This is not a massive and complex case with overwhelming evidence, but a relatively straightforward matter where two defendants are charged with bankruptcy fraud. One defendant will argue he was manipulated to participate in the fraud scheme by "the specific representations made to him by [his co-defendant], " (Dkt. 33, Wilke Motion to Sever at ¶¶ 5, 10) and the other will "hold the Government to its burden of proof, " (Dkt. 51, Williams Motion to Sever at ¶ 3). Though antagonistic, these defense theories are not mutually exclusive and certainly do not warrant severance. See Zafiro, 506 U.S. at 538 (mutually exclusive defenses do not per se mandate severance). A jury could believe both that Wilke was not part of the alleged fraud and also that the government failed to carry its burden with respect to Williams. That these conflicting theories may result in blame-shifting and require more nuanced trial strategy does not mean that either defendant will suffer "actual prejudice" from a joint trial. Actual prejudice "does not exist just because separate trials would have given a defendant a better opportunity for acquittal.'" Warner, 498 F.3d at 700 (quoting U.S. v. Rollins, 301 F.3d 511, 518 (7th Cir. 2002)). Instead, the defendant "must have been deprived of his right to a fair trial'" and here, there is no such risk of deprivation. Id. This Circuit has recognized that "[f]inger-pointing among the defendants is not only acceptable but also a benefit of a joint trial, for it helps the jury to assess the role of each defendant." U.S. v. Hoover, 246 F.3d 1054, 1061 (7th Cir. 2001). And, the benefit to the jury in presenting these cases together certainly outweighs any speculative risk of prejudice that will be cured by this Court's limiting instructions and other such tailoring relief. See Warner, 498 F.3d at 700 (quoting Zafiro, 506 U.S. at 539) ("Limiting instructions... often will suffice to cure any risk of prejudice, ' and tailoring relief from prejudice is left to the district court's discretion.'").
Furthermore, merely concluding that Wilke will suffer prejudice from the admission of inculpatory statements and the omission of exculpatory testimony if he is tried as a co-defendant, (Dkt. 33, Wilke Motion to Sever at ¶¶ 6, 9), does not impress this Court that a specific trial right of the defendants will be compromised when these cases are tried together. Severance cannot be granted based on "nothing more than a vague, unsupported assertion' speculating about the possibility" of testimony that may or may not be offered into evidence. U.S. v. Balzano, 916 F.2d 1273, 1284 (7th Cir. 1990) (quoting U.S. v. Studley, 892 F.2d 518, 525 (7th Cir. 1989). If either defendant has a sixth amendment or Bruton or other concern, he/she must clearly identify the statements or type of statements that he/she is concerned about so that this Court can properly consider the specific evidentiary and constitutional issues implicated by a joint trial. See id. On the baseless speculation now before it, this Court cannot imagine why "[t]he vast majority, if not all, " of the evidence admitted in the joint trial would not be admissible were the defendants tried alone. Souffront, 338 F.3d at 831. Generally, "evidence of one participant's actions in furtherance of a scheme to defraud is admissible against the other participants in that scheme, just as in a conspiracy case." U.S. v. Adeniji, 221 F.3d 1020, 1027 (7th Cir. 2000).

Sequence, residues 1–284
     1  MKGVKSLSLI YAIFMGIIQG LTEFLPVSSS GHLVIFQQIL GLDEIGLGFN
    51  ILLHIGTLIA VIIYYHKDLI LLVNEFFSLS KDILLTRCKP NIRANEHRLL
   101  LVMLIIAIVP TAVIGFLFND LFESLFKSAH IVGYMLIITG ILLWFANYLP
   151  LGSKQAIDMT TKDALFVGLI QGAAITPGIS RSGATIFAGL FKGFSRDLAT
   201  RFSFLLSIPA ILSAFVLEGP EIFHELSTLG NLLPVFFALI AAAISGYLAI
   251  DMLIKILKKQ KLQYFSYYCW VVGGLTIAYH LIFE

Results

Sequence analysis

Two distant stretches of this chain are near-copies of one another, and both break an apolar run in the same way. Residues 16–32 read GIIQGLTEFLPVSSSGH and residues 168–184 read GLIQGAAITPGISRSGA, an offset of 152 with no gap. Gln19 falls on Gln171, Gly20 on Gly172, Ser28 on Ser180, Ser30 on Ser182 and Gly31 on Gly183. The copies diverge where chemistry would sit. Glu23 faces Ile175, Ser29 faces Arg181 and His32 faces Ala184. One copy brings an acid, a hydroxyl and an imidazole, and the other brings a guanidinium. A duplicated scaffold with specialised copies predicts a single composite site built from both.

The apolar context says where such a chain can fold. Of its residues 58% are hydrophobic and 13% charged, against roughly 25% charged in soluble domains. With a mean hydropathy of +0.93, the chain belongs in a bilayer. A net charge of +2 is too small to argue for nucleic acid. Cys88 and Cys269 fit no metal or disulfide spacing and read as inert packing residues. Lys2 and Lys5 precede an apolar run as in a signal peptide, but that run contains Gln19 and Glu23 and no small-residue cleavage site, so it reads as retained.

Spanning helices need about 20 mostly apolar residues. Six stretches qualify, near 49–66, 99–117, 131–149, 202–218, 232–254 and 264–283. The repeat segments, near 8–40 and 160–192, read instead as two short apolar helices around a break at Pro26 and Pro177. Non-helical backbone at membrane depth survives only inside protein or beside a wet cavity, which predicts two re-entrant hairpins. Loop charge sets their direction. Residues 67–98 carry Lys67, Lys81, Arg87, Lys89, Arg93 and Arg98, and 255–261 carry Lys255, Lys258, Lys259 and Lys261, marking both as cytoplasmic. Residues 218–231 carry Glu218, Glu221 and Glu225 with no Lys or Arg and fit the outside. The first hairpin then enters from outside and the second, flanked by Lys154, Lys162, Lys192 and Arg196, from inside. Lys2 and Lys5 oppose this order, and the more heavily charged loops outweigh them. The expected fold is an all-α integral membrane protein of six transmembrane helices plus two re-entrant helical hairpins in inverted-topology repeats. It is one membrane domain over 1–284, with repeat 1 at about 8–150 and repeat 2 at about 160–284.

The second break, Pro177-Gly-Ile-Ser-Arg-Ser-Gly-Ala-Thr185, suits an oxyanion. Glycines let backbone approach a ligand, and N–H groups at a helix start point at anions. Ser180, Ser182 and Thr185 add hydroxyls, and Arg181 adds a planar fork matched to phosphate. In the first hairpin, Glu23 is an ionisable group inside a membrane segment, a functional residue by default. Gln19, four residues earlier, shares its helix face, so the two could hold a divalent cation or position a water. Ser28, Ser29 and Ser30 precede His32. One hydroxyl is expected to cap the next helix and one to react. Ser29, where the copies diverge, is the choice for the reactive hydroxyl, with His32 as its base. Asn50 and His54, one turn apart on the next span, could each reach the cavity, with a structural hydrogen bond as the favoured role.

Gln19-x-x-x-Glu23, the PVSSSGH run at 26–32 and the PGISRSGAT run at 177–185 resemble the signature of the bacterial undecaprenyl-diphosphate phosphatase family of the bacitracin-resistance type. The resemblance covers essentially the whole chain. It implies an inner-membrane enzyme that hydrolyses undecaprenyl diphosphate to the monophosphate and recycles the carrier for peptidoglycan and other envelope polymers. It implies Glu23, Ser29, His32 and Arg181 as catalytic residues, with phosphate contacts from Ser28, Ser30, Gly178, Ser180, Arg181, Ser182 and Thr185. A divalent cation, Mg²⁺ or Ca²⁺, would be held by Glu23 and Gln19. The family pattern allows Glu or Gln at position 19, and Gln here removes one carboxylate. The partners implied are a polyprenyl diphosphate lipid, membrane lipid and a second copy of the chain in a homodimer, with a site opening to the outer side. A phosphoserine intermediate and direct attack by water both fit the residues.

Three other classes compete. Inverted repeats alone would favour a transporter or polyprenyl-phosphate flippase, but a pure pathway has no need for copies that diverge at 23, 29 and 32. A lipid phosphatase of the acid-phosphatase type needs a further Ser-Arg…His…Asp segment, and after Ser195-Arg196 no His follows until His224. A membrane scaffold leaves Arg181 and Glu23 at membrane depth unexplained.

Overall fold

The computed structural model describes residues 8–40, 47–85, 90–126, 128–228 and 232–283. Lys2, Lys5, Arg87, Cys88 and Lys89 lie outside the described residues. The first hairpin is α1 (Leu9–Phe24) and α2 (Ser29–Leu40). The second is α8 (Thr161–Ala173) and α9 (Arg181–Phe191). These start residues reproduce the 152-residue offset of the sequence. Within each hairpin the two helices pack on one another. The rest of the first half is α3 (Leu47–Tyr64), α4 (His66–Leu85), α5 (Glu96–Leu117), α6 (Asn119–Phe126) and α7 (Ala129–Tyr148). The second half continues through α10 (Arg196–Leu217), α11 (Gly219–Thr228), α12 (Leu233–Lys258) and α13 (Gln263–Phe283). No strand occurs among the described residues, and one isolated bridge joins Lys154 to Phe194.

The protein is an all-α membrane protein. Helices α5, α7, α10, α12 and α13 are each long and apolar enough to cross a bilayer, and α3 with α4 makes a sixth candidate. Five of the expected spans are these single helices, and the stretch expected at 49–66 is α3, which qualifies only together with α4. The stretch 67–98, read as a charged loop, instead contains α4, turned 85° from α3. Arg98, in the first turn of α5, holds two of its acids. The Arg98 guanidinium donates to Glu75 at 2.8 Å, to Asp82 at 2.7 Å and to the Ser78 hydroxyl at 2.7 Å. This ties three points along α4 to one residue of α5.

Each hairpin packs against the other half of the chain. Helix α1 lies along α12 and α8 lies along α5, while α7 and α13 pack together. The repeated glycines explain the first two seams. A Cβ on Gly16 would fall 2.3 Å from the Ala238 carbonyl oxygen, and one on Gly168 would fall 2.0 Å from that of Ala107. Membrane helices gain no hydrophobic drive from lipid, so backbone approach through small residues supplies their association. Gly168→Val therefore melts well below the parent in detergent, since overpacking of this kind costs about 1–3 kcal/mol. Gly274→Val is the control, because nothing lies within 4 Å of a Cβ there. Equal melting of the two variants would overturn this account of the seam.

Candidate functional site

Similarly unpersuasive is speculation that the jury will unfairly associate Wilke with the evidence against Williams or rule based on emotion. (Dkt. 51, Williams Motion to Sever at ¶ 8; Dkt. 62, Wilke's Reply at ¶ 4). First, the proposition that there will be more evidence presented against Williams than against Wilke is pure conjecture. As mentioned above, it would seem there will be much overlap of the evidence brought against both defendants and no party has presented this Court with any realistic estimate of what the evidence against the two co-defendants will actually be. Additionally, there is an "almost invariable assumption of the law that jurors follow their instructions'" and there is no reason to think that a jury in this case will be unable to follow this Court's instructions and consider the evidence only objectively and as instructed by the Court. U.S. v. Hernandez, 330 F.3d 964, 972 (7th Cir. 2003) (quoting Richardson v. Marsh, 481 U.S. 200, 206-07 (1987); accord U.S. v. Puckett, 405 F.3d 589, 599 (7th Cir. 2005) ("We presume that jurors, conscious of the gravity of their task, attend closely the particular language of the trial court's instructions in a criminal case and strive to understand, make sense of, and follow the instruction given them") (internal quote omitted).
The party moving for severance bears the burden of demonstrating how or why he will be prejudice by a joint trial and neither defendant has carried his/her burden in this case. See, e.g., Hollnagel, 2011 WL 3471081 at *6; Novak, 870 F.2d at 135. If discovery reveals that the evidence against the defendants does not significantly overlap or if a genuine sixth amendment or other concern arises, the defendants may evaluate whether a motion to sever is better suited at that time. But, at present, such an extreme action is not warranted.
For the foregoing reasons, the Defendants' Motions to ...